Kristin Murphy, Deseret News
FILE — Sen. Orrin Hatch speaks during a Fight for Utah Children event with Children's Service Society at the Memorial House in Salt Lake City on Monday, Oct. 17, 2016.

SALT LAKE CITY — A day after a potential Republican challenger accepted a Trump administration nomination, Sen. Orrin Hatch said he intends to run for an eighth term.

Hatch, the longest-serving GOP senator, told CNN on Thursday he is planning to run for re-election next year, abandoning his plans to retire from the Senate after four decades of service.

The Utah Republican, who promised in the 2012 election that his current term would be his last, said he has changed his mind at this time, partially because he's been getting encouragement from President Donald Trump and top Republicans to run again.

"I'm planning on (running) right now," Hatch told CNN. "That's what my current plans are."

Hatch's comments are the clearest signal yet from the most senior Republican senator, who is third in the line of succession to the president as the Senate's president pro tempore.

Hatch's office quickly sent out a statement trying to walk back his words.

"While he has not made a final decision about his plans for 2018, he has made plans thus far to ensure all options remain on the table. His focus remains on the many fast-moving agenda items in the Senate like repealing and replacing Obamacare and confirming Judge (Neil) Gorsuch to the Supreme Court," according to the statement.

The seven-term senator's office, however, has gone out of its way the past several months to tout how valuable Hatch is to the Trump administration and Utah. It has sent out statements from GOP colleagues, business leaders and local officials extolling his effectiveness in Washington.

"All indications over the past four months are that he is definitely going to run," said Boyd Matheson, president of the conservative Sutherland Institute and former chief of staff for Sen. Mike Lee, R-Utah.

Matheson, however, said Hatch finds himself in an interesting position because the most recent Dan Jones & Associates poll showed 79 percent of Utahns want him to keep his promise and not run, while a number of business leaders have been making a case for his re-election.

Hatch's decision comes as Trump tabbed former Utah Gov. Jon Huntsman Jr. as his nominee for ambassador to Russia. Some had speculated that Huntsman would have mounted a primary challenge to Hatch in 2018.

Huntsman told the Deseret News earlier this year that he has one more run at elected office in him, but he would not say what office he would seek.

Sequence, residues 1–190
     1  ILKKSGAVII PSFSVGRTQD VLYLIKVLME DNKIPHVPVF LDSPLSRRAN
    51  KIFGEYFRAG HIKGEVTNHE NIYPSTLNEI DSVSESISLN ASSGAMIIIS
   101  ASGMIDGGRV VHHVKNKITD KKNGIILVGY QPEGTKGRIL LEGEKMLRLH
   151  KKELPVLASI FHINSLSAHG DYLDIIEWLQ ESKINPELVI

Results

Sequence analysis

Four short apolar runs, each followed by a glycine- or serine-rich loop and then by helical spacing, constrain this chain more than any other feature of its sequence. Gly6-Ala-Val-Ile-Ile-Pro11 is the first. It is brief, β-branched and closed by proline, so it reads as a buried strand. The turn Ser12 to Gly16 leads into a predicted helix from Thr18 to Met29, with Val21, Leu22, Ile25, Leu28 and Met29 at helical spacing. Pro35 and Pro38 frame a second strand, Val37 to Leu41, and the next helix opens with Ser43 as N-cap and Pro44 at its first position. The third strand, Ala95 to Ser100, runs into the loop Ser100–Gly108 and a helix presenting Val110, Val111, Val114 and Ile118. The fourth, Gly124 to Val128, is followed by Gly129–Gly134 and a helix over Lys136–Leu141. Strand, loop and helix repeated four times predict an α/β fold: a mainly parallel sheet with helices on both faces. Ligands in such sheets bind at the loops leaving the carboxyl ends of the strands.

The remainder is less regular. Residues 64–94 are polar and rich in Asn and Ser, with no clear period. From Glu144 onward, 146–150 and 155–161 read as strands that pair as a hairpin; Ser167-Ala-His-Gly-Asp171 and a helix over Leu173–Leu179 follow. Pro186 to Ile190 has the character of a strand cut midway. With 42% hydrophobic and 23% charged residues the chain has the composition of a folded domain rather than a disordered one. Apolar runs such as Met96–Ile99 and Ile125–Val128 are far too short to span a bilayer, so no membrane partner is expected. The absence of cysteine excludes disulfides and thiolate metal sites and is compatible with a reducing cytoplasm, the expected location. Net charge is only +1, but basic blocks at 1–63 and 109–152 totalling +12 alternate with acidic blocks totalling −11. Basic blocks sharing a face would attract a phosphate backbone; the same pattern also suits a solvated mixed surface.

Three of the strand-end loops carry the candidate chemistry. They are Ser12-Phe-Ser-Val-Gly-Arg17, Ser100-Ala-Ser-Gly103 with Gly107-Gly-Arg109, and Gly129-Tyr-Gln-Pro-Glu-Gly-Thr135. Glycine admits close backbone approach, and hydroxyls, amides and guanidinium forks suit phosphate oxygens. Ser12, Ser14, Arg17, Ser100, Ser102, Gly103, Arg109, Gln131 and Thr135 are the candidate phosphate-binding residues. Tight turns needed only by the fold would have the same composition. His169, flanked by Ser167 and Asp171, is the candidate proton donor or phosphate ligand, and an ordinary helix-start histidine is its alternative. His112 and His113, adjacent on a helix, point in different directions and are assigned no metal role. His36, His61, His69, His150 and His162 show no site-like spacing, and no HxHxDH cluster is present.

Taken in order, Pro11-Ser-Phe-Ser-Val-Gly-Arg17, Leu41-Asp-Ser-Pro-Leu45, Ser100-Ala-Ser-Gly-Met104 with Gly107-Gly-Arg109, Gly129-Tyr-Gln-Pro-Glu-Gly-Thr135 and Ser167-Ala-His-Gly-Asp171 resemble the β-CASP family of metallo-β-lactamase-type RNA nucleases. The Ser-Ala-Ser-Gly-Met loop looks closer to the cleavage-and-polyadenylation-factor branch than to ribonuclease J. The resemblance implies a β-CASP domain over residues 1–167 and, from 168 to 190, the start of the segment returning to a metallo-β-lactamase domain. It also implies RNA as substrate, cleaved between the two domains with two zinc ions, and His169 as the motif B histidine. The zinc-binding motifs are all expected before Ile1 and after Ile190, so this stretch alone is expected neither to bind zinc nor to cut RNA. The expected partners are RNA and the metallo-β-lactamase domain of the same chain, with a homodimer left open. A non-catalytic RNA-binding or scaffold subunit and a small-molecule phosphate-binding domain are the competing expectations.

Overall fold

Hatch said he spent an hour Wednesday with his "longtime friend" Huntsman and said he believed the former ambassador to China was not going to challenge him.

"I don't think he would have ever run against me," Hatch said. "He didn't really want to run for Senate."

Asked if he was preparing for a tough 2018 re-election battle, Hatch said: "Anyone who wants to take me on knows it's going to be a real ordeal."

Hatch's comments Thursday caught his longtime campaign strategist Dave Hansen off guard.

"All I know is he's been kind of back and forth," he said.

Hansen said he doubts Hatch's decision had anything to do with whether Huntsman would run, adding the speculation about Huntsman jumping in has been out there for a long time.

It comes down to what Hatch wants to do, he said.

"He's in a very strong position in the U.S. Senate. His health is good," Hansen said. "He has a good relationship with the president. Certainly, there's a lot of advantages to the state for having him in that position."

In his first campaign in 1976, Hatch criticized three-term Democratic Sen. Frank Moss for serving too long.

"What do you call a senator who’s served in office for 18 years? You call him home," Hatch said more than 40 years ago.

Although Hatch said in 2012 his seventh term would be his last, he never seemed to fully close the door to the idea of running again. It has opened wider since Trump unexpectedly won the White House.

"I have a lot of people pressuring me to (run for re-election) because they know what I can do. And they know that as chairman of the Finance Committee, we make a real difference around here," Hatch said just after the election in November. "I’ll honestly look at it as much as I can."

Hatch, who will turn 83 later this month and has served in the Senate since 1977, could still change his mind again and decide to retire.

The decision comes as Senate Majority Leader Mitch McConnell and Trump have both tried to persuade the powerful chairman of the Senate Finance Committee to run again.

"His pitch is he needs me," Hatch said of Trump. "Things are going to be just fine."